As DOD moves into the transformation era, it is time to look at old missions in new ways, develop capabilities for challenging new missions, and find ways to keep the peace in many troubled parts of the world. The new reality is that considerations of the combatant commands in their respective AORs include many nonmilitary as well as military concerns. Among these concerns are environmentally related issues such as water resources and threats to fragile infrastructures from natural disasters and climatic anomalies. This should be seen as part of an overall strategy to prevent wars so that we do not have to fight them. The challenges to AFW in this transformation are not unlike those encountered by our predecessors at the beginning of the Cold War and during the infancy of the US space program. AFW is no stranger to transformation. The mission ahead is to rise to the occasion with a combination of technology and those old-fashioned ethics that have always gotten the job done--ingenuity, flexibility, and persistence.

Terms and Definitions

climate. The composite or generally prevailing weather conditions of a region, throughout the year, averaged over a series of years. (C. David Whiteman, Meteorology Glossary, 1999). Available from http://www.geog.ubc.ca/ courses/geog102/Resources/G102Glossary.html.)

operational level of war. The level of war at which campaigns and major operations are planned, conducted, and sustained to accomplish strategic objectives within theaters or areas of operations. Activities at this level link tactics and strategy by establishing operational objectives needed to accomplish the strategic objectives, sequencing events to achieve the operational objectives, initiating actions, and applying resources to bring about and sustain these events. These activities imply a broader dimension of time or space than do tactics; they ensure the logistic and administrative support of tactical forces, and provide the means by which tactical successes are exploited to achieve strategic objectives. (Joint Publication [JP] 1-02, Department of Defense Dictionary of Military and Associated Terms, 12 April 2001 as amended through 14 August 2002.)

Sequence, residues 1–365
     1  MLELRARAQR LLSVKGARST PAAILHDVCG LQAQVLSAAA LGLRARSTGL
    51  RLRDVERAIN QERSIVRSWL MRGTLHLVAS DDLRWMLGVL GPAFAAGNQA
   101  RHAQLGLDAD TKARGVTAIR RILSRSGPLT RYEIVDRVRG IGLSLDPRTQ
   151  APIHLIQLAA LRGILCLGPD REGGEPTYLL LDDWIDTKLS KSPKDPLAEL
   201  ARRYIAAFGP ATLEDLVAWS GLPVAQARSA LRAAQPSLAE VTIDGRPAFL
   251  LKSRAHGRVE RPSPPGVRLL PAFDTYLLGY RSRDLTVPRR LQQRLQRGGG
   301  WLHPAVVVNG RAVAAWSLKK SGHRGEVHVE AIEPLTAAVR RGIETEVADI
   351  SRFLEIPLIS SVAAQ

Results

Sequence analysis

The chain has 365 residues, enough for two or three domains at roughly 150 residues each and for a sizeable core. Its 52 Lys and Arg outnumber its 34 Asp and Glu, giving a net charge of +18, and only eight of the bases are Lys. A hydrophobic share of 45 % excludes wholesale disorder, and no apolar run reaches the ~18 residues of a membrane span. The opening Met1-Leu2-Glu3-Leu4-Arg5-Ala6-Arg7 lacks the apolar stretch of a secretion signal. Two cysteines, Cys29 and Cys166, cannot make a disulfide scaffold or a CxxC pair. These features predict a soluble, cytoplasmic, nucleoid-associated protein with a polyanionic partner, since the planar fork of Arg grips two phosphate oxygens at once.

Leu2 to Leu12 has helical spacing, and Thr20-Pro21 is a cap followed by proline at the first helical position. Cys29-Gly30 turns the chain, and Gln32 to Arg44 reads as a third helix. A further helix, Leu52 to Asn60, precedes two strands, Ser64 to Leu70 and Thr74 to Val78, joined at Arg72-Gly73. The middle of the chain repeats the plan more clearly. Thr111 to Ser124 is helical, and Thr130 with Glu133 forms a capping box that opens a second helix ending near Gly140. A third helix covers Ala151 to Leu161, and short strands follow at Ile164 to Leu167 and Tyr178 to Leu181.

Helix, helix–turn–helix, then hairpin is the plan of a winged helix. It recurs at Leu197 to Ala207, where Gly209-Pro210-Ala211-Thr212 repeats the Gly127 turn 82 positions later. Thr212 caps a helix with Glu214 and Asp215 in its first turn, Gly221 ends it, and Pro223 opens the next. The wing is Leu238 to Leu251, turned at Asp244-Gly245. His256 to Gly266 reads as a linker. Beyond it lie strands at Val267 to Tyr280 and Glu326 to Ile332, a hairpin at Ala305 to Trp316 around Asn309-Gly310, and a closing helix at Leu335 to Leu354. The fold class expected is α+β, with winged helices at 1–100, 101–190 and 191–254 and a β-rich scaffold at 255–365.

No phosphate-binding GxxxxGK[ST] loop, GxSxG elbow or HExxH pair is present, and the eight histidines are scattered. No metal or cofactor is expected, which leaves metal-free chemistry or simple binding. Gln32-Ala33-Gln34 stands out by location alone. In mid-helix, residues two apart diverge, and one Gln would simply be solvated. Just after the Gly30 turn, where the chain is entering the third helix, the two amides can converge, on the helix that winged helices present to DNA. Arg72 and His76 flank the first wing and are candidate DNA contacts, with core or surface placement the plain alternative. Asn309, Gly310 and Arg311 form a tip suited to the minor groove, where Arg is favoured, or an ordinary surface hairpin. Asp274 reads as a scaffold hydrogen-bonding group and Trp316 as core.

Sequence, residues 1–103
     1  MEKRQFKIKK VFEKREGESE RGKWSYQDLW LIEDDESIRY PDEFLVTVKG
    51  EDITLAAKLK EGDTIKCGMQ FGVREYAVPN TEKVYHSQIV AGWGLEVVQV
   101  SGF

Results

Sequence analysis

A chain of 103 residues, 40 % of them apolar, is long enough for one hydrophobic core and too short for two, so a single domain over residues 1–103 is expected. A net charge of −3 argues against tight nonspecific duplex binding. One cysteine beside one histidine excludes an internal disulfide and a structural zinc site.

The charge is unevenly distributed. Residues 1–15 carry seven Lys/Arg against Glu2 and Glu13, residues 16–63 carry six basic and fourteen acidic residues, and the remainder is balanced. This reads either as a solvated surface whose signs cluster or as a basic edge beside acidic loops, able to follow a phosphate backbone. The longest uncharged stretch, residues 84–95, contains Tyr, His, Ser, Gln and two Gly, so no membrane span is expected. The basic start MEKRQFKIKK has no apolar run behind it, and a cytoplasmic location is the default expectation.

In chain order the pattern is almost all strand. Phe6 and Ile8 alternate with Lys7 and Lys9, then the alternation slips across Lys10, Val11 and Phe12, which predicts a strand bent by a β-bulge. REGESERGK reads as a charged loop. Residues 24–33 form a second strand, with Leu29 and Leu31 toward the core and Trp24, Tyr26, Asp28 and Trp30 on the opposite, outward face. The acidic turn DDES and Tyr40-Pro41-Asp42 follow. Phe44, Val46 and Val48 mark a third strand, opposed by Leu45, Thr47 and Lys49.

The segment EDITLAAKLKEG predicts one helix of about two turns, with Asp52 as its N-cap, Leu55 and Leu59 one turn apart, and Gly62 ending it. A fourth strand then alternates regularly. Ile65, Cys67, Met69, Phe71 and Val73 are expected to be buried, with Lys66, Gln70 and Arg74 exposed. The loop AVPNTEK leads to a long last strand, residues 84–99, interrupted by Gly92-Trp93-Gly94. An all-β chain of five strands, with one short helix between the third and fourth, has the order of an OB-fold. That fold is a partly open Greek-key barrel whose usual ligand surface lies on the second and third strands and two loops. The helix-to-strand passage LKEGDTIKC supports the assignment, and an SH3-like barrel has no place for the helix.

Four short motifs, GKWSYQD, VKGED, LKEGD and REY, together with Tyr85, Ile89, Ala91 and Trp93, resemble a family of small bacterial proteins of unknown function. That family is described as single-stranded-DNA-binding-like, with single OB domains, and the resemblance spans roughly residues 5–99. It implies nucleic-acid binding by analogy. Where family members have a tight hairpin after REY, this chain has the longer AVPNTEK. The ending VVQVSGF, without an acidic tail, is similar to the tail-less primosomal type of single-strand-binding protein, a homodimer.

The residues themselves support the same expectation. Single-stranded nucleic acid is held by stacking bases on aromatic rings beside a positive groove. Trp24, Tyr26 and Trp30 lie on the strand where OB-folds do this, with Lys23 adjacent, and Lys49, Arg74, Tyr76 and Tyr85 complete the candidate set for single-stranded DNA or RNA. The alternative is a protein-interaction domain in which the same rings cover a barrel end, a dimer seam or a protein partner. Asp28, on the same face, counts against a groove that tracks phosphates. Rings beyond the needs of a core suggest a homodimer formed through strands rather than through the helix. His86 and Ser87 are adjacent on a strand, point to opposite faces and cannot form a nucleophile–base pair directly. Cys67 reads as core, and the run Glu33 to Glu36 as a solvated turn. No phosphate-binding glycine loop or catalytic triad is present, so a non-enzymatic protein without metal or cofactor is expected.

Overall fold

strategic level of war. The level of war at which a nation, often as a member of a group of nations, determines national or multinational (alliance or coalition) security objectives and guidance, and develops and uses national resources to accomplish these objectives. Activities at this level establish national and multinational military objectives; sequence initiatives; define limits and assess risks for the use of military and other instruments of national power; develop global plans or theater war plans to achieve these objectives; and provide military forces and other capabilities in accordance with strategic plans. (JP 1-02)

tactical level of war. The level of war at which battles and engagements are planned and executed to accomplish military objectives assigned to tactical units or task forces. Activities at this level focus on the ordered arrangement and maneuver of combat elements in relation to each other and to the enemy to achieve combat objectives. (JP 1-02)

weather. The state of the atmosphere with respect to wind, temperature, cloudiness, moisture, pressure, et cetera. It should be noted that in the context of this paper, the atmosphere is defined to include the region extending into the near-space environment, thus allowing for consideration of space weather in our analyses. (Whiteman)

JOHN M. LANICCI

Colonel, USAF

Notes

(1.) Webster's Ninth New Collegiate Dictionary,1990, s.v. "transform."

(2.) For a thorough discussion of the different points of view concerning transformation, see Michael O'Hanlon, Technological Change and the Future of Warfare (Washington, D.C.: Brookings Institution Press, 2000), 7-31.

(3.) Colin Robinson, Fact Sheet: DOD Office of Force Transformation (Washington, D.C.: Center for Defense Information, 14 June 2002), n.p., on-line, Internet, available from http://www.cdi.org/mrp/oft.cfm.

(4.) Headquarters US Air Force Directorate of Weather, Air Force Weather Reengineering, n.p., on-line, Internet, available from https:// www.xo.hq.af.mil/xow/XOW%20page.html.

(5.) See John M. Lanicci, "Integrating Weather Exploitation into Airpower and Space Power Doctrine," Airpower Journal, summer 1998, 54-56, for a discussion of how a combination of recent policy trends and challenging weather can put an increased strain on the ability of air and space power assets to execute its missions, n.p., on-line, Internet, available from http://www.airpower.maxwell.af.mil/airchronicles/apj/apj98/ sum98/lanicci.pdf.

(6.) For brief descriptions of the F2T2EA, predictive battlespace awareness, and persistent ISR concepts, see US Air Force Posture Statement 2002 (Washington, D.C., 2002), 12-13, 56-57, on-line, Internet, available from http://www.af.mil/lib/posture2002.pdf.